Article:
Some time ago, I tried to find fabric with a hand print. As in, not necessarily hand printed, but with actual hands printed on it. TRY FINDING THAT. So in the end I decided to just do it myself, and go through a great deal of effort to be able to point at my shirt and say 'It's hand printed. Get it? Heh.'
It was also below freezing the day we took these pictures so it's a miracle not all of them look like this:
First things first: the fabric! I picked up this lightweight grey denim in Paris with Hanne last August (don't go to Paris in August btw, everything is closed). In hindsight it was maybe a smidge too heavy for a shirt, but this does make it warmer and I suspect it will soften up in the wash. I carved two hand stamps (a right and left one) and got printing one evening. It didn't take too long to cover the entire length of fabric because I went for a kind of random placement, not even trying to create a repeat. I also left a part of the fabric blank because I thought the smaller parts of the shirt would look better being solid (since the hands were bigger than those parts anyway and would be cut off).
Printing fabric like this really isn't that hard and you don't need a lot of materials. I do make my life easier by using a block printing ink for textiles that fixates by drying for a week at room temperature. Nothing worse than ironing each printed section of a few yards of fabric for five minutes straight.
(If you are interested, I wrote a pretty detailed post about block printing fabric here!)
Now for the actual shirt! I used the Grainline Archer again, but sized down a bit after remeasuring myself and measuring the pattern pieces. My previous plaid version still gets worn loads but I wanted a slightly slimmer fit on this one.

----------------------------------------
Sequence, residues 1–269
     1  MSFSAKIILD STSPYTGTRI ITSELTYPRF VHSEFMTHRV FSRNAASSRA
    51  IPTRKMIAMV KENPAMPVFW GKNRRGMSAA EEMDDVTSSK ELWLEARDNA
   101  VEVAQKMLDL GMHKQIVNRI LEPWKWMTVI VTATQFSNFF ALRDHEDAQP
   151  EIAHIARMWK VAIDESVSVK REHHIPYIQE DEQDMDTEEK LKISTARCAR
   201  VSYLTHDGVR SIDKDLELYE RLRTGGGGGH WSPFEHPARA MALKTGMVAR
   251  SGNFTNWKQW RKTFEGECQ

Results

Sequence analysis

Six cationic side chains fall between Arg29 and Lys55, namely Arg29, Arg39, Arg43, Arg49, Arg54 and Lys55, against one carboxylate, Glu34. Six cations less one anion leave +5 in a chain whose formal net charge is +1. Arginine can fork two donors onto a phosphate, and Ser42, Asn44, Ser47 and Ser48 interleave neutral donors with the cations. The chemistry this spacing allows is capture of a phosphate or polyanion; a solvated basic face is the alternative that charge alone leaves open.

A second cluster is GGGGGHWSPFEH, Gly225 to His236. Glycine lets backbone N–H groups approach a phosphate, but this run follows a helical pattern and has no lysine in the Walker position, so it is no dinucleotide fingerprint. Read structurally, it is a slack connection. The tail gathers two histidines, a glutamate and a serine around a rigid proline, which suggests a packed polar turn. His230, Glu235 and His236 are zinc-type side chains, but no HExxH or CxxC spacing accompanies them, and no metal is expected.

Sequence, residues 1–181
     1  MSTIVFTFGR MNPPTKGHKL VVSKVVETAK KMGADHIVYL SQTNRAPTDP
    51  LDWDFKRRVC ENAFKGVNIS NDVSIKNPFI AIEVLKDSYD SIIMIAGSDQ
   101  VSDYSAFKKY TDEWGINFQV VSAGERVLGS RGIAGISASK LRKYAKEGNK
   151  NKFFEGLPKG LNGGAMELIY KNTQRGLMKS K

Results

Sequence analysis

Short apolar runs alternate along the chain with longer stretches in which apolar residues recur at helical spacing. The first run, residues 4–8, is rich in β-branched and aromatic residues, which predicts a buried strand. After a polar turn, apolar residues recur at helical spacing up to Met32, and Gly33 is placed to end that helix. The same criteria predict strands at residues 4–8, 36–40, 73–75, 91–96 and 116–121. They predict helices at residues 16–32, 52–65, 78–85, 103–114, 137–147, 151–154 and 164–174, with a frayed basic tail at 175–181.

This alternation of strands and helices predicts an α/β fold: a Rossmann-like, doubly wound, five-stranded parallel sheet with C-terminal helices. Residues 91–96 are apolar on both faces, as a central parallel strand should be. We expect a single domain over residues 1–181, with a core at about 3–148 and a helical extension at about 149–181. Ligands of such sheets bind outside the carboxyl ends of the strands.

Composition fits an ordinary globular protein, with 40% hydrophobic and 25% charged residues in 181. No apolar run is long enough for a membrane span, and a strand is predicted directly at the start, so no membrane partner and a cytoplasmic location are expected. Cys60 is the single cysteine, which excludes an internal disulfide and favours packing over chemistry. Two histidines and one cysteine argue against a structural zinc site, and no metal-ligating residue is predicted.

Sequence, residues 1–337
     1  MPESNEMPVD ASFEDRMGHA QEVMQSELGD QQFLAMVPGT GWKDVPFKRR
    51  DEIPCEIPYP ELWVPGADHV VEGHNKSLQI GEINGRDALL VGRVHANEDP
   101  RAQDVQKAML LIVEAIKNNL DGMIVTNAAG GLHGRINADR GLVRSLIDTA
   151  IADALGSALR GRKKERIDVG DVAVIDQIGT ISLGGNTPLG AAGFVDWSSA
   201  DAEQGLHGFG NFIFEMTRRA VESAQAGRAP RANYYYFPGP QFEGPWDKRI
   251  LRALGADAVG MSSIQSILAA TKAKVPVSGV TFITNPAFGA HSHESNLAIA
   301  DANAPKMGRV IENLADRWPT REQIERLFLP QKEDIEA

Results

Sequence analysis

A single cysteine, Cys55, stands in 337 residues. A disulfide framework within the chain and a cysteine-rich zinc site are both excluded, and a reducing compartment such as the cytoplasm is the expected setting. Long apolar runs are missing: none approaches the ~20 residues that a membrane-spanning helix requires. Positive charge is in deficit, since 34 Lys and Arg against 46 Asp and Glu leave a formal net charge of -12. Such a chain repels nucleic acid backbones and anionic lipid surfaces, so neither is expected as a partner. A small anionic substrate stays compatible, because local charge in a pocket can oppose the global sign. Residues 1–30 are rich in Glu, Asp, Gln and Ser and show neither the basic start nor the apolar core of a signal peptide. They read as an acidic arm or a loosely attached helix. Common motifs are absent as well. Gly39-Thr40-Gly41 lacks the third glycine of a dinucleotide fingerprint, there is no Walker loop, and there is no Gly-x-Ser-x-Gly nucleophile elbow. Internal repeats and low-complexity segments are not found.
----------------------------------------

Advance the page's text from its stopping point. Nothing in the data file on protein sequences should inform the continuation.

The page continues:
I cut the entire pattern on a single layer to have more control over the print placement. The body, sleeves and pocket have hands on them, but the cuffs, button band and collar are solid. I had plenty of fabric for once so this was smooth sailing!
There's not much I can say about the construction of this shirt that I haven't said before. The only time I looked at the instructions was for the sleeve placket, and I used this method for the collar and cuffs (which I always do by the way, it just seems both easier and more accurate in a way). The yoke was sewn using the burrito method and the side seams are flat-felled, but I have to admit I didn't topstitch the sleeve seam. This was already tricky on my previous version, which is two sizes larger, and this fabric was a lot less flexible. I decided to let that fight pass.
The hem was finished with bias tape to reduce bulk, and then my shirt and I were ready to go hang around with friends and watch them roll their eyes at my joke. Another friend also said it looked like the hand of Saruman, which can only mean that I... Secretly wish I was an Uruk-Hai? No idea.